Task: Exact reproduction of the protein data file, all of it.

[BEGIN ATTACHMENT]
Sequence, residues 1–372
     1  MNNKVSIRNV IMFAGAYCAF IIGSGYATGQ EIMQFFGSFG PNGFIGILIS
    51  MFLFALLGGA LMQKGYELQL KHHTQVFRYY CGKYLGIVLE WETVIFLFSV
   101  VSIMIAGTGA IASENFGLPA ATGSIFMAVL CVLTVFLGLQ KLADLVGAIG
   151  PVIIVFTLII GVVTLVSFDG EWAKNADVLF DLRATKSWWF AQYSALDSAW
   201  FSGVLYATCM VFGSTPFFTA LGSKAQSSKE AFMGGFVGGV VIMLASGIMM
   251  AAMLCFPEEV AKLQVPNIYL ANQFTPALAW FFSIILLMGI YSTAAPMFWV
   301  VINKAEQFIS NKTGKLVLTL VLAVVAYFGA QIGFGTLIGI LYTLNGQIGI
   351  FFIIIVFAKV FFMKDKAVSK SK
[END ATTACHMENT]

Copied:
Sequence, residues 1–372
     1  MNNKVSIRNV IMFAGAYCAF IIGSGYATGQ EIMQFFGSFG PNGFIGILIS
    51  MFLFALLGGA LMQKGYELQL KHHTQVFRYY CGKYLGIVLE WETVIFLFSV
   101  VSIMIAGTGA IASENFGLPA ATGSIFMAVL CVLTVFLGLQ KLADLVGAIG
   151  PVIIVFTLII GVVTLVSFDG EWAKNADVLF DLRATKSWWF AQYSALDSAW
   201  FSGVLYATCM VFGSTPFFTA LGSKAQSSKE AFMGGFVGGV VIMLASGIMM
   251  AAMLCFPEEV AKLQVPNIYL ANQFTPALAW FFSIILLMGI YSTAAPMFWV
   301  VINKAEQFIS NKTGKLVLTL VLAVVAYFGA QIGFGTLIGI LYTLNGQIGI
   351  FFIIIVFAKV FFMKDKAVSK SK